A good friend of mine has just turned green. But it wasn’t The Great Warming or An Inconvenient Truth that did the trick, but Robert F. Kennedy’s Crimes Against Nature.

I bring it up because this friend is well-read, intelligent, and politically liberal; he has certainly been exposed to all the same evidence that won other people over long ago. And yet until now, the only time the word “environmentalist” issued from his mouth was when he was teasing me about being one. RFK’s book — with its contrast of political and corporate greed on one hand and democracy-driven environmental stewardship on the other — spoke my friend’s language … and now he won’t shut up about tragedies against the commons and government-subsidized pollution.

It’s rather funny to watch someone truly get for the first time something others been ranting about for ages. And although I’m kind of embarrassed to admit it, my own “aha!” was not so long ago: it honestly wasn’t until seeing An Inconvenient Truth this past summer that I truly grasped the urgency of global warming.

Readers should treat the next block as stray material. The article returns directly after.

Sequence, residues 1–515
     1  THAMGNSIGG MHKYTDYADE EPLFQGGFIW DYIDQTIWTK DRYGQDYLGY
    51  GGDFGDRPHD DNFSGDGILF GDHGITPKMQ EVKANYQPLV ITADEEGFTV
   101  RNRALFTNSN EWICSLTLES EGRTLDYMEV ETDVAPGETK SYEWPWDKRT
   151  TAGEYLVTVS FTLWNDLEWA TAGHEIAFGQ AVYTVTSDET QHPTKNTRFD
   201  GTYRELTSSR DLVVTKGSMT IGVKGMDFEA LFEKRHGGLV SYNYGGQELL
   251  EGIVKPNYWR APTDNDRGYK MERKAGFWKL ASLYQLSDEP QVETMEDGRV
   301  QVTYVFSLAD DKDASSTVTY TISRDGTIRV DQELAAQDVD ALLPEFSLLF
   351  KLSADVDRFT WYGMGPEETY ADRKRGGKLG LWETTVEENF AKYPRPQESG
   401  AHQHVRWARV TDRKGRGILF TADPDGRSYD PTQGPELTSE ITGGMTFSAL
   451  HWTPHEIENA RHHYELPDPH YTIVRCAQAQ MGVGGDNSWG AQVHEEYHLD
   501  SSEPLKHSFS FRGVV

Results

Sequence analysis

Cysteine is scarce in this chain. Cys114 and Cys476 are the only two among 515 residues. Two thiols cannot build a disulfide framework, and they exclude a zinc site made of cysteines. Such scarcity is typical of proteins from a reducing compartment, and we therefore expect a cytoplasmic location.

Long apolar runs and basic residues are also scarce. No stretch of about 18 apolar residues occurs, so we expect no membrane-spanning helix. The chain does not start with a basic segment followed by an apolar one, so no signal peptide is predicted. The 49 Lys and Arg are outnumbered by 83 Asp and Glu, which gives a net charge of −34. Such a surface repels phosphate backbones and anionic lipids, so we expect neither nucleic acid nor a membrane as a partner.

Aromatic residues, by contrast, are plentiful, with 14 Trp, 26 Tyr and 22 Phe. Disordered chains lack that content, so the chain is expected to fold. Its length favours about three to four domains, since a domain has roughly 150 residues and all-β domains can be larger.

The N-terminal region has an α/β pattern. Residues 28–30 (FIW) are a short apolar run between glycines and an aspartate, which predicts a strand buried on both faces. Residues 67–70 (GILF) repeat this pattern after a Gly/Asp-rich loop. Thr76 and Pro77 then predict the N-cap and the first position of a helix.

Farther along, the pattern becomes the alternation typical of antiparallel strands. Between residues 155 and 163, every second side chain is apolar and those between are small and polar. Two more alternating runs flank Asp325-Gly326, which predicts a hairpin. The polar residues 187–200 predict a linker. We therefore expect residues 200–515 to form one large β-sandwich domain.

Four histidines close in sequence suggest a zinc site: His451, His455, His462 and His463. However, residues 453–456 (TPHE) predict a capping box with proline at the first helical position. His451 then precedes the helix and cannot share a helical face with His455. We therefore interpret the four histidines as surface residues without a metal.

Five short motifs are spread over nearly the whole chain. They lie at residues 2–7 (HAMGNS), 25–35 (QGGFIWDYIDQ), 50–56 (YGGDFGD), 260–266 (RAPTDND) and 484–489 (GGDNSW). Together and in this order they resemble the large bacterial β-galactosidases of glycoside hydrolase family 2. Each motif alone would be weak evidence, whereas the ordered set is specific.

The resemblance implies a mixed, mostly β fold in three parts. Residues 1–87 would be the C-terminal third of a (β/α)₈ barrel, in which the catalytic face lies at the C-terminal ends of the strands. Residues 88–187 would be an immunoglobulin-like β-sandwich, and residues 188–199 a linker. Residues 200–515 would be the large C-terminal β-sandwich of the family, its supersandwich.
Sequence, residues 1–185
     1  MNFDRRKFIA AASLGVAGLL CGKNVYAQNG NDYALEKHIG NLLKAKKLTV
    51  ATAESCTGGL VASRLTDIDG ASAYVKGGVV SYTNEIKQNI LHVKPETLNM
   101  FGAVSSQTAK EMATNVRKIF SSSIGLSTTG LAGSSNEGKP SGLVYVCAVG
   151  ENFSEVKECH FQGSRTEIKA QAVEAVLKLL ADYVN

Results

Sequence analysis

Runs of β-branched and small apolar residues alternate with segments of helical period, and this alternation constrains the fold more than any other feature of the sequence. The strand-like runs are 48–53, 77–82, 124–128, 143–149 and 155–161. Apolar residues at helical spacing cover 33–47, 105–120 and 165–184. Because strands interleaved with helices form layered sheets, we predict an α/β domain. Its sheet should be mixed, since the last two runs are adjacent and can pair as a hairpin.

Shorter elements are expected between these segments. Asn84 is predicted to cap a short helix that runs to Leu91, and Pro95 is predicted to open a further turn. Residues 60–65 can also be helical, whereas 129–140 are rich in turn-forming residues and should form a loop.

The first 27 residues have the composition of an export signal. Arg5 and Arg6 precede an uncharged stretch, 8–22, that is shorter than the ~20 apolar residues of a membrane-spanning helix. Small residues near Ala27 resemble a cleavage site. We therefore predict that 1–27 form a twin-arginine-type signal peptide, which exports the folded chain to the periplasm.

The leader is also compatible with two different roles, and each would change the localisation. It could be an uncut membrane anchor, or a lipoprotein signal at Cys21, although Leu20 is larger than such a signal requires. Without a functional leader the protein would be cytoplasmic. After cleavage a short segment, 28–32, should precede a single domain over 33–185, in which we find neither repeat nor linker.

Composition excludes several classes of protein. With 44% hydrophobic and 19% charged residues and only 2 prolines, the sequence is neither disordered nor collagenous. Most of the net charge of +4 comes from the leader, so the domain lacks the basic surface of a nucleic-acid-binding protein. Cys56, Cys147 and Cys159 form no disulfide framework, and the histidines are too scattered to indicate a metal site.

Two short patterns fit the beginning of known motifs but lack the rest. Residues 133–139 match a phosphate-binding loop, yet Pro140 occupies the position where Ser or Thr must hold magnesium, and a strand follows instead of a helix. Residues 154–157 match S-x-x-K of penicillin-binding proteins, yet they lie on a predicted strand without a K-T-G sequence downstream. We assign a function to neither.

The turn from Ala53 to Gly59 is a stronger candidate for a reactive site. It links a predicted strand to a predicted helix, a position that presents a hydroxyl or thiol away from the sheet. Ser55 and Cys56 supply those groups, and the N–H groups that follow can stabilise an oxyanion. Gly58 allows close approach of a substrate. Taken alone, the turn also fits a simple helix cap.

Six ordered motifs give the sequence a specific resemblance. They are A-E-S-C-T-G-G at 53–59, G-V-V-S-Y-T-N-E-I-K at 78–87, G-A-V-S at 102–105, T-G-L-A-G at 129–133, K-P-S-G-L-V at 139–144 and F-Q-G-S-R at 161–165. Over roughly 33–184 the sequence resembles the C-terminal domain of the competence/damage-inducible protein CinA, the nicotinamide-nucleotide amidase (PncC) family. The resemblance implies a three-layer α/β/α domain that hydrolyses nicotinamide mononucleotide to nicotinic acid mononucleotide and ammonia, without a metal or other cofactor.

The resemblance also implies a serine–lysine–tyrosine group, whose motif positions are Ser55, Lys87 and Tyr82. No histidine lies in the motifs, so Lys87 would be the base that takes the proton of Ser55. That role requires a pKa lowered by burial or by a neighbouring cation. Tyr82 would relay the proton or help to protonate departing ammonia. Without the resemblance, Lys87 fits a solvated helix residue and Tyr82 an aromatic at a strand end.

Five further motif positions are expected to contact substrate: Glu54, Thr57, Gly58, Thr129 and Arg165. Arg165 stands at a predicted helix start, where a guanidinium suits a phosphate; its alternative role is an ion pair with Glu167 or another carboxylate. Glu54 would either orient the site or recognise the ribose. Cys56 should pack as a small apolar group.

Once you are tuned in to climate change, pollution, and biodiversity loss, of course, you find yourself awash in a sea of damning evidence. (It’s similar to the experience of learning a new word and suddenly hearing it everywhere.) The sea might make it hard for some to remember a single moment of enlightenment, if indeed one occurred.

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Nonetheless, it remains an interesting question — it reminds us that our message must be not singular but an array of appeals to our equally varied interests: social duty, morality, and spirituality, but also social status, economic well-being, and competitiveness.